October 03, 2003

Cellar Dweller

Courtesy "Great American Scandals" by Michael Farquhar.

"Give me liberty or give me death," Patrick Henry famously demanded on the eve of the American Revolution. His wife, Sarah, might have said the same thing, since she was confined in the basement of the couple's Virginia estate for almost four years. Not that the accommodations were all that bad...partially aboveground, letting in plenty of light and fresh air...Yet it wasn't quite the Ritz, especially when Sarah found herself in a straitjacket. What had driven the poor woman to such an unfortunate state?

It seems her children were part of the problem. She had five of them, starting when she was seventeen, but after the birth of the sixth in 1771, Sarah lost it. She exhibited what Patrick Henry biographer Robert Meade calls "a strange antipathy" toward her children. It might be called postpartum psychosis today. Sarah's "antipathy" became so dangerous that she had to be kept away from the kids. But Patrick Henry was a loyal husband and knew how horrific insane asylums of the day could be. So, the family lived upstairs while Sarah ranted and raved below. It was in this sad state that she died in 1775 at age thirty-seven.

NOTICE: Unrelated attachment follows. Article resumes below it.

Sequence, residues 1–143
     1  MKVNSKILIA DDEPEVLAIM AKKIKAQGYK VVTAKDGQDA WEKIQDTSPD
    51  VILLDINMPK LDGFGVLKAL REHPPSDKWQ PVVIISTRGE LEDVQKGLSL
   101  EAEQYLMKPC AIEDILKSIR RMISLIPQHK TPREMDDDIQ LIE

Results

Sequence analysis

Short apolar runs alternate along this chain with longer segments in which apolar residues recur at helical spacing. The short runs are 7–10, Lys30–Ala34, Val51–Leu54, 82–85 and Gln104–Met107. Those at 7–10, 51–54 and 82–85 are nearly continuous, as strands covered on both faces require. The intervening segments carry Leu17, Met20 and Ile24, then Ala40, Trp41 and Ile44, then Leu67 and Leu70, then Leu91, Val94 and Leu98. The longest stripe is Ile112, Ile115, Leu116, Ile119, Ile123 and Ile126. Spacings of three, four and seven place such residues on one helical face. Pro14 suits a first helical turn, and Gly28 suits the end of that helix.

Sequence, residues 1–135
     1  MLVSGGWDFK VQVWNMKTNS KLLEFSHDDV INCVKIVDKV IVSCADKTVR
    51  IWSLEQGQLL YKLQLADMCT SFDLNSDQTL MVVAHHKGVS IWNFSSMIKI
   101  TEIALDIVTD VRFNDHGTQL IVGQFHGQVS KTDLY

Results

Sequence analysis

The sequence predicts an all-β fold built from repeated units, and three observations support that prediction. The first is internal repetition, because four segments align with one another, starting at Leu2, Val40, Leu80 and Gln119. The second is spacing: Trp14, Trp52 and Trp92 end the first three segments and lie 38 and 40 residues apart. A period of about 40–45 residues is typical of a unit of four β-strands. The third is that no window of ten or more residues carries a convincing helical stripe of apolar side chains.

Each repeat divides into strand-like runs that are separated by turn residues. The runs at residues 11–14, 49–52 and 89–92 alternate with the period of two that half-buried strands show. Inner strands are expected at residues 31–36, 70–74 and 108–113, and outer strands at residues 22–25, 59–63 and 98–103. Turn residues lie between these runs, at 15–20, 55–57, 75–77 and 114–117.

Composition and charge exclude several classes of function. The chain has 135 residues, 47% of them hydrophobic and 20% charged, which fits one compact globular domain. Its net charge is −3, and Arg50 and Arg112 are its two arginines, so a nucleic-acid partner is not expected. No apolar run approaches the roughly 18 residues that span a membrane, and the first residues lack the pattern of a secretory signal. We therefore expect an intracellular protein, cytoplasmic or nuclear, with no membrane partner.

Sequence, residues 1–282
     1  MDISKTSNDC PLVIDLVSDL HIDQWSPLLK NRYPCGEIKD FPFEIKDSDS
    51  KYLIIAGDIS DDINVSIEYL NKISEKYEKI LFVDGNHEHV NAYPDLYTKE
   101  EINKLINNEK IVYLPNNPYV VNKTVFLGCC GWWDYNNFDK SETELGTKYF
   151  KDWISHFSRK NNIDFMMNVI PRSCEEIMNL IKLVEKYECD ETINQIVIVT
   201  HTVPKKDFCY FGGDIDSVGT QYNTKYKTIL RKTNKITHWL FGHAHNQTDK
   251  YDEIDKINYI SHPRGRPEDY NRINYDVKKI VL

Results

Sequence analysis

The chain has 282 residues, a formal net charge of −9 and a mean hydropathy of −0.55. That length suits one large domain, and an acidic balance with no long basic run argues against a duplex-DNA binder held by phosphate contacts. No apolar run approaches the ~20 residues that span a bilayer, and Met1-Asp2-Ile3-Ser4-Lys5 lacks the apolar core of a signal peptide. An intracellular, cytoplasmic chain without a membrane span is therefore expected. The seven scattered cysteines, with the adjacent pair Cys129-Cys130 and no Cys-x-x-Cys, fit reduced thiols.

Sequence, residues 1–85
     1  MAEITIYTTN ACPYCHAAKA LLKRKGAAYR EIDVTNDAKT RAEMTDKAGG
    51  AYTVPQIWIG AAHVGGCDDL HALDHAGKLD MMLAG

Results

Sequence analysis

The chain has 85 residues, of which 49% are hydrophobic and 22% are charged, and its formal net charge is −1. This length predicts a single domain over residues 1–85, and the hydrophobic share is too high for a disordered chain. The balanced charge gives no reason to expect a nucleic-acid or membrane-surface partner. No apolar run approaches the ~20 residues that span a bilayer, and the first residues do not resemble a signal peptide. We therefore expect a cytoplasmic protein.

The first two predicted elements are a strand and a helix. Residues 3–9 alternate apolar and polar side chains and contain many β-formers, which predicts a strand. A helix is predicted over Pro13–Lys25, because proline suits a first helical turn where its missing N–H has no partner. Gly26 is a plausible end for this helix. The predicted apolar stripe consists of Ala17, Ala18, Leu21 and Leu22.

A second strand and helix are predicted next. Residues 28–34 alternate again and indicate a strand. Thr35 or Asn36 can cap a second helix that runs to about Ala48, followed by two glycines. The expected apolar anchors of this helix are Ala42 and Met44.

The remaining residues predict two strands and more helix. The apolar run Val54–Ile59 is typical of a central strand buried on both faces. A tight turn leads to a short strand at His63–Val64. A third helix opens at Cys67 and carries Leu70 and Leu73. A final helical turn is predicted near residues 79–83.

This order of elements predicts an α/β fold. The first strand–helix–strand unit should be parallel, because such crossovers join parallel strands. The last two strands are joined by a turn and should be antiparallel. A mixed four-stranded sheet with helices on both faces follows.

Posted by Jennifer at October 3, 2003 05:46 AM


I would to be interested in knowing how the author decided that this qualifies as a scandal.

Posted by: Pete at October 3, 2003 06:35 AM

Jen, have you ever been to Williamsburg? The Public Hospital (http://www.history.org/Almanack/places/hb/hbhos.cfm) has a small and somewhat gruesome exhibit of how mental patients were treated in the 18th-19th centuries.

Posted by: Nic at October 3, 2003 06:51 AM

Pete, I wouldn't get hung up on semantics. Maybe it was scandalous at the time. I found it interesting.

Nic, I have been to Williamsburg, but the day we went the hospital was closed...or had just closed. I've been outside it. :-(

Posted by: Jennifer at October 3, 2003 07:34 AM
I would to be interested in knowing how the author decided that this qualifies as a scandal.

How can having someone locked in a basement for four years, including an insane relative, not be qualified as a scandal, even in that day and age?

Posted by: The Bartender at October 3, 2003 12:44 PM

Hi. I am the author of A Treasury of Great American Scandals. To answer Pete's question, I use scandals in the broadest possible sense as a catch-all in the book title: Unhappy family relationships, famous feuds, nasty campaigns, strange behavior, etc. Not all fall under the strict definition of "scandal," but can you think of a better word to capture the essence of all this?

Posted by: Michael Farquhar at October 8, 2003 08:16 AM